The application must now be weighed by the 30 member countries. Turkish President Recep Tayyip Erdogan has expressed reservations about Finland and Sweden joining.

If his objections are overcome, and accession talks go as well as expected, the two could become members within a few months. The process usually takes eight to 12 months, but Nato wants to move quickly given the threat from Russia hanging over the Nordic countries' heads.

06:34 AM

Ukraine today, in pictures

A Ukrainian soldier hides in the grass during a patrol and monitoring operation on the outskirt of the separatist region of Donetsk - Daniel Ceng Shou-Yi/ZUMA Press Wire/Shutterstock /Shutterstock 
A Ukrainian soldier hides in the grass during a patrol and monitoring operation on the outskirt of the separatist region of Donetsk - Daniel Ceng Shou-Yi/ZUMA Press Wire/Shutterstock /Shutterstock
Ukrainian serviceman wave a flag reading "Glory to Ukraine", top, and "Death to the enemies" as they ride atop a tank in the Kharkiv region - Bernat Armangue /AP
Ukrainian serviceman wave a flag reading "Glory to Ukraine", top, and "Death to the enemies" as they ride atop a tank in the Kharkiv region - Bernat Armangue /AP
A teddy bear hangs on a swing next to a damaged building in Kharkiv  - RICARDO MORAES /REUTERS
A teddy bear hangs on a swing next to a damaged building in Kharkiv - RICARDO MORAES /REUTERS
A Ukrainian serviceman boarding a bus as he is being evacuated from the besieged Azovstal steel plant in Mariupol - ALESSANDRO GUERRA/EPA-EFE/Shutterstock /Shutterstock 
A Ukrainian serviceman boarding a bus as he is being evacuated from the besieged Azovstal steel plant in Mariupol - ALESSANDRO GUERRA/EPA-EFE/Shutterstock /Shutterstock

06:15 AM

Latest MoD updates

05:59 AM

Peace talks stagnate as Russian attacks continue

Peace negotiations between Russia and Ukraine have stagnated, officials said, with both sides trading blame and Moscow indicating a return to talks may be difficult.

Russia accused Ukraine of hardening its stance and the West for bolstering the government in Kyiv, with Foreign Minister Sergei Lavrov saying that Washington, London and Brussels want to use Ukraine to their strategic advantage.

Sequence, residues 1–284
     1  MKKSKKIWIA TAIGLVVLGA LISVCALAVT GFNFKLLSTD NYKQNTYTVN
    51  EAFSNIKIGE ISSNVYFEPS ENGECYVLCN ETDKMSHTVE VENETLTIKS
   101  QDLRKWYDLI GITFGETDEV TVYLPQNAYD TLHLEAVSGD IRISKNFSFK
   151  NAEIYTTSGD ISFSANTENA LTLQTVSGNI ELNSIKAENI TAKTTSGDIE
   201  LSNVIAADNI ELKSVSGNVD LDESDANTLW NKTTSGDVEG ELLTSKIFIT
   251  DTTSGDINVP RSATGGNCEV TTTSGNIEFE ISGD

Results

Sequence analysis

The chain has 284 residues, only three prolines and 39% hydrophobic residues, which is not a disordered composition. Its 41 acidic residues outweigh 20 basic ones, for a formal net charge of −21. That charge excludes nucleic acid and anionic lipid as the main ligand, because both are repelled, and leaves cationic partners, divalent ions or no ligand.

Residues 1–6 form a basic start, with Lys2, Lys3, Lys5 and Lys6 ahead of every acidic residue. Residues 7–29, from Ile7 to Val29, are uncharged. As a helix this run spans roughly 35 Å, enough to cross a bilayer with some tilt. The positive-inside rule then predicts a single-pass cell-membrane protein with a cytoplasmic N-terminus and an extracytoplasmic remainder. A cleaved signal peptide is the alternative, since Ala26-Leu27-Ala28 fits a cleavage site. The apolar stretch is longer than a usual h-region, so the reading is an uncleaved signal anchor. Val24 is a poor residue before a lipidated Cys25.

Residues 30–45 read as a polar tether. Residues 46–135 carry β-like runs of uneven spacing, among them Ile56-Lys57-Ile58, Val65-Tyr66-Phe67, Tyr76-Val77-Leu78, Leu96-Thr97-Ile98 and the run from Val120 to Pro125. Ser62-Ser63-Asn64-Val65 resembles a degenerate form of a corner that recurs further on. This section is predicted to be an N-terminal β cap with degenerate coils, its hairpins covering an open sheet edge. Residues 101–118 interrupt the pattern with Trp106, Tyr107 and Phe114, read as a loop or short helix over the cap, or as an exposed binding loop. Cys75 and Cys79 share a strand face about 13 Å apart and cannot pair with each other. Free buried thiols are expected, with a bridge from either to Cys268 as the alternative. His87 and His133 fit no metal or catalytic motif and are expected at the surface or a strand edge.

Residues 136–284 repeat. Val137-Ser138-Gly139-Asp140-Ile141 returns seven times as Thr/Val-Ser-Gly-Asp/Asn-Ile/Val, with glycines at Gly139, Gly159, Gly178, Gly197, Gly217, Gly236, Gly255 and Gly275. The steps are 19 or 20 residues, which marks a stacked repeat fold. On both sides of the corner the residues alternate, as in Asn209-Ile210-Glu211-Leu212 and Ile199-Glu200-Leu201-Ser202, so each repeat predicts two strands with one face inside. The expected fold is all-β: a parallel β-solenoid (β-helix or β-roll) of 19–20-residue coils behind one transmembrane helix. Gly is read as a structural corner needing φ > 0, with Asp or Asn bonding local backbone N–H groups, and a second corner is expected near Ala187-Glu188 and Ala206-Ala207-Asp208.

Lavrov said no peace deal could be made if negotiators tried to "transfer the dialogue" to focus on what the West had to say instead of the immediate situation in Ukraine. That ruled out chances for progress in talks, he said.

"We always say that we are ready for negotiations ... but we were given no other choice," Lavrov said.

Lavrov's deputy Andrey Rudenko said Ukraine "has practically withdrawn from the negotiation process", while Russian negotiator Leonid Slutsky said talks were not being conducted in any format.

"The (US) State Department should not try to create 'conditions' through military assistance to Kyiv. Useless," Slutsky said.

05:32 AM

In pictures: Destruction in Kharkiv

A teddy bear hangs on a swing next to a damaged building in Saltivka district, in Kharkiv - REUTERS/Ricardo Moraes
A teddy bear hangs on a swing next to a damaged building in Saltivka district, in Kharkiv - REUTERS/Ricardo Moraes

Ukraine's military command said Russia continued to shell Ukrainian positions along the entire frontline in the east on Wednesday.

"In the Kharkiv direction, the enemy focused on maintaining its positions and preventing the further advance of our troops," Ukraine's general staff said.

A local woman returns to her building, which was damaged in a shelling in Kharkiv - SERGEY KOZLOV/EPA-EFE/Shutterstock
A local woman returns to her building, which was damaged in a shelling in Kharkiv - SERGEY KOZLOV/EPA-EFE/Shutterstock

Around a third of the Donbas was held by Russia-backed separatists before the invasion. Moscow now controls around 90pc of Luhansk region, but it has failed to make major inroads towards the key cities of Sloviansk and Kramatorsk in Donetsk in order to extend control over the entire Donbas.

A woman sits at the entrance of her apartment building, which was damaged in Kharkiv. The residents no longer access to electricity, gas or water indoors
A woman sits at the entrance of her apartment building, which was damaged in Kharkiv. The residents no longer access to electricity, gas or water indoors

05:19 AM

UN attempts to restore Ukrainian grain shipments